Weaknesses: Limited athleticism and makes most of his plays in confined spaces. Leaves his chest exposed at times, luring an offensive lineman to attempt to strike.
What it means: Tapusoa is primed to make a difference on Arizona’s defense. His elite short-area quickness is unmatched on film. He plays with great leverage, and he does a terrific job of exploding out and under linemen before they know how to react. With a gaping hole at defensive tackle – left by the departed Dereck Boles – Tapusoa will be counted on to become an impact player almost instantly.
Kwabena Watson – Edison HS / Fresno, CA / 6-foot-2, 225lbs. / signed
ESPN Ranking – 3 stars, No.72 Outside Linebacker
Considered: Fresno State, Nevada
Strengths: Doesn’t shy away from contact, has good motor. Displays an elite understanding of gap control and how to attack blocks. Has a knack for creating turnovers.
Weaknesses: Speed doesn’t flash on film. Slow off the ball out of a two-point stance. Plays with poor leverage at times. Not the best athlete, or strongest tackler. Chooses to recover and make tackles past the line of scrimmage instead of playing in the backfield.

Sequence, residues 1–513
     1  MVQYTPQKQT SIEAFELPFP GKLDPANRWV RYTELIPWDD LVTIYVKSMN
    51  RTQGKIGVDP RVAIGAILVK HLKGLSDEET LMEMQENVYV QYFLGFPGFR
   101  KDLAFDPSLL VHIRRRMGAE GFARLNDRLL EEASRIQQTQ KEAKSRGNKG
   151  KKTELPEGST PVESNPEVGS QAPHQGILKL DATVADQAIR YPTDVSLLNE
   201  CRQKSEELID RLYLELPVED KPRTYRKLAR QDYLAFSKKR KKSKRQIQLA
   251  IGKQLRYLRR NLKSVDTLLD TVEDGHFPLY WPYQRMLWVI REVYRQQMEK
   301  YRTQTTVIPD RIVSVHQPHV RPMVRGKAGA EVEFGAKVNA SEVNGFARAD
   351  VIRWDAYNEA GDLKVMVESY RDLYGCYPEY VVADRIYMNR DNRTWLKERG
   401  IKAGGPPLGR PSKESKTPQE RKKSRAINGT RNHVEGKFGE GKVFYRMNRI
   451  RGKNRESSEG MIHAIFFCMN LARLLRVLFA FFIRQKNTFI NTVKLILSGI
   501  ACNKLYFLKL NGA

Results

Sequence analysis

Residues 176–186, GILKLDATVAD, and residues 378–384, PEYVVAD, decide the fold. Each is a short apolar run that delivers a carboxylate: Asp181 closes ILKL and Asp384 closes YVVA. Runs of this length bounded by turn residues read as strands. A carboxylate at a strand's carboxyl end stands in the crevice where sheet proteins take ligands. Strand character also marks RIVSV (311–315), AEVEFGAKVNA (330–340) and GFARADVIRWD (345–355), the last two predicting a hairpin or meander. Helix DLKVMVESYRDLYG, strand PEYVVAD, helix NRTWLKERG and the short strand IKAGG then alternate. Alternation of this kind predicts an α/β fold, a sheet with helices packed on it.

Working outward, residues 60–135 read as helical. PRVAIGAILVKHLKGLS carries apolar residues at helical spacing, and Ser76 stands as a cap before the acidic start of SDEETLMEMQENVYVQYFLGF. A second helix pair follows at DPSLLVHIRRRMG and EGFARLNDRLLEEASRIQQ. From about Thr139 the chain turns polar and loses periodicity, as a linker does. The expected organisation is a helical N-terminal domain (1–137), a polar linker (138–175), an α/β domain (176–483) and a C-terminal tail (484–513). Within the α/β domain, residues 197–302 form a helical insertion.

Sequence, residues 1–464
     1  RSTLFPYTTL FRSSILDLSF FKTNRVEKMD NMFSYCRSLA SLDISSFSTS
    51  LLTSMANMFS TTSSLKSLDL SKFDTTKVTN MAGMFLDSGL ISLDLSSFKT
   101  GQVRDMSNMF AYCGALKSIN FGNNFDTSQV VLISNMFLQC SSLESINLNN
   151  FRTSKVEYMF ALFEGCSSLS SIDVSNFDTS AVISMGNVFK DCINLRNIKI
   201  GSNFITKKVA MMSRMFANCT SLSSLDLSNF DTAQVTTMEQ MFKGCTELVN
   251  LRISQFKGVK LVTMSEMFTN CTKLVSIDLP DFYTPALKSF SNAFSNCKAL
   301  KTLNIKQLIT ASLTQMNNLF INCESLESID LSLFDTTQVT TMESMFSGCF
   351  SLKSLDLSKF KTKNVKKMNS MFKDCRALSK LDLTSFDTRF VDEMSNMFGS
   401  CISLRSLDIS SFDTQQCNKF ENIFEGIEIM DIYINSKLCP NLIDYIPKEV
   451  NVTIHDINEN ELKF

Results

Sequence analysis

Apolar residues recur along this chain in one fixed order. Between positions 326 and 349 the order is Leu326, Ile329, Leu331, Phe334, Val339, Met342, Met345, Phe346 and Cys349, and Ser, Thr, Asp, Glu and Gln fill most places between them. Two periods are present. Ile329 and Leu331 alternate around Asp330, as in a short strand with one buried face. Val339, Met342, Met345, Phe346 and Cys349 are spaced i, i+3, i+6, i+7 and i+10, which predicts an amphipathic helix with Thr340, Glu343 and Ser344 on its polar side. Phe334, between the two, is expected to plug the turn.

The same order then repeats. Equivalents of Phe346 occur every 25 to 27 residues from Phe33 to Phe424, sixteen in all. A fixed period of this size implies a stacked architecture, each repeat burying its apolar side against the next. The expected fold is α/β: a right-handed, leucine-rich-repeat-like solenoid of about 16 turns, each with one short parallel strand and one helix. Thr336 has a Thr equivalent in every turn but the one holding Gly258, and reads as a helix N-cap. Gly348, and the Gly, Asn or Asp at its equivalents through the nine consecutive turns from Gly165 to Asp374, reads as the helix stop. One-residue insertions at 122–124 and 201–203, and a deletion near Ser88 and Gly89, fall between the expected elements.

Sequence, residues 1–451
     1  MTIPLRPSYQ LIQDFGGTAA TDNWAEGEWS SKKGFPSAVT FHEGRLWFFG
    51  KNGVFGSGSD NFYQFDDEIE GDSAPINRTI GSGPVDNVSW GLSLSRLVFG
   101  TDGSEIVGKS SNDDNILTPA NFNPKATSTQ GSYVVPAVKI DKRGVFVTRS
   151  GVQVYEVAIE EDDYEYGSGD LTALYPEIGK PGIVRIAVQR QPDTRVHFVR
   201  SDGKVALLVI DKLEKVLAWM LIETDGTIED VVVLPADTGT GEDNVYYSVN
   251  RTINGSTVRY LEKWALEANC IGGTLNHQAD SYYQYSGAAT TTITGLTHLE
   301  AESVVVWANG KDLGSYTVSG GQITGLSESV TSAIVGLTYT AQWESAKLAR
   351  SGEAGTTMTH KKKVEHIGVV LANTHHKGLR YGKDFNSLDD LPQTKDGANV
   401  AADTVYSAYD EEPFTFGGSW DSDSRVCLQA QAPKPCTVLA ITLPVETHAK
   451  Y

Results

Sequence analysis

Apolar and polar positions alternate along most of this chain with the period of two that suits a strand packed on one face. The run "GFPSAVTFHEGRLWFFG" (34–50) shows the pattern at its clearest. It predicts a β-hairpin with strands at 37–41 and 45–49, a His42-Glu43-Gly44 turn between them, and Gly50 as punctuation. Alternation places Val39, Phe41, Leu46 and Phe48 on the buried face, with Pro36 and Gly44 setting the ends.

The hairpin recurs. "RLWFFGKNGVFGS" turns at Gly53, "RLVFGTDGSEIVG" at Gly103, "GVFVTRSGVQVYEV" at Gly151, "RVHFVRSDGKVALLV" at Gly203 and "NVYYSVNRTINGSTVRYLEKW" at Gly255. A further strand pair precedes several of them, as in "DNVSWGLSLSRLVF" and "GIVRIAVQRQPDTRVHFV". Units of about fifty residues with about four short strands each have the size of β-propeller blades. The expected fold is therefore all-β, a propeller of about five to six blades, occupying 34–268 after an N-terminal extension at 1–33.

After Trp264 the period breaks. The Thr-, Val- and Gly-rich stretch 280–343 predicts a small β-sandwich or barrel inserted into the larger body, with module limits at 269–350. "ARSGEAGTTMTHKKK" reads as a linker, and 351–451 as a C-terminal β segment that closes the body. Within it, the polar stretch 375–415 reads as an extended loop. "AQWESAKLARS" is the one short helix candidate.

What it means: Watson has a good frame, but is years away from seeing serious playing time in the Pac-12. He’ll need to develop his pass-rush moves in order to become a threat off the edge. Watson also has to correct his stand-up stance when applying pressure at the line of scrimmage. Poor leverage and slow reaction skills isn’t the ideal linebacker skill-set. Still, thanks to Watson’s potential as a playmaker, there’s plenty of room for having faith in the process.
Derrion Clark – South Oak Cliff HS / Dallas, TX / 6-foot-1, 220lbs. / signed
ESPN Ranking – 3 stars, No.172 Defensive End
Considered: Alabama A&M, Arkansas-Pine Bluff
Strengths: Versatile. Can play a number of different positions. Big-hitter, smart and a strong tackler. Plays downhill from the inside linebacker position. Superb at shedding blocks and has non-stop motor.
Weaknesses: Size could be an issue versus run-heavy offenses. Needs to add lower body strength to make up for a lack of height. Not exceptionally fast and loses his footing at times.
What it means: Clark is already at a disadvantage due to his size, but he makes up for it with a resilient motor and elite understanding of multiple defensive positions. Arizona is desperate for depth at inside linebacker, so Clark could find early playing opportunities as long as he increases his overall strength before the start of next season. Either way, Clark is talented enough to make an impact at some place on the ‘Cats defense over the next 4-5 years.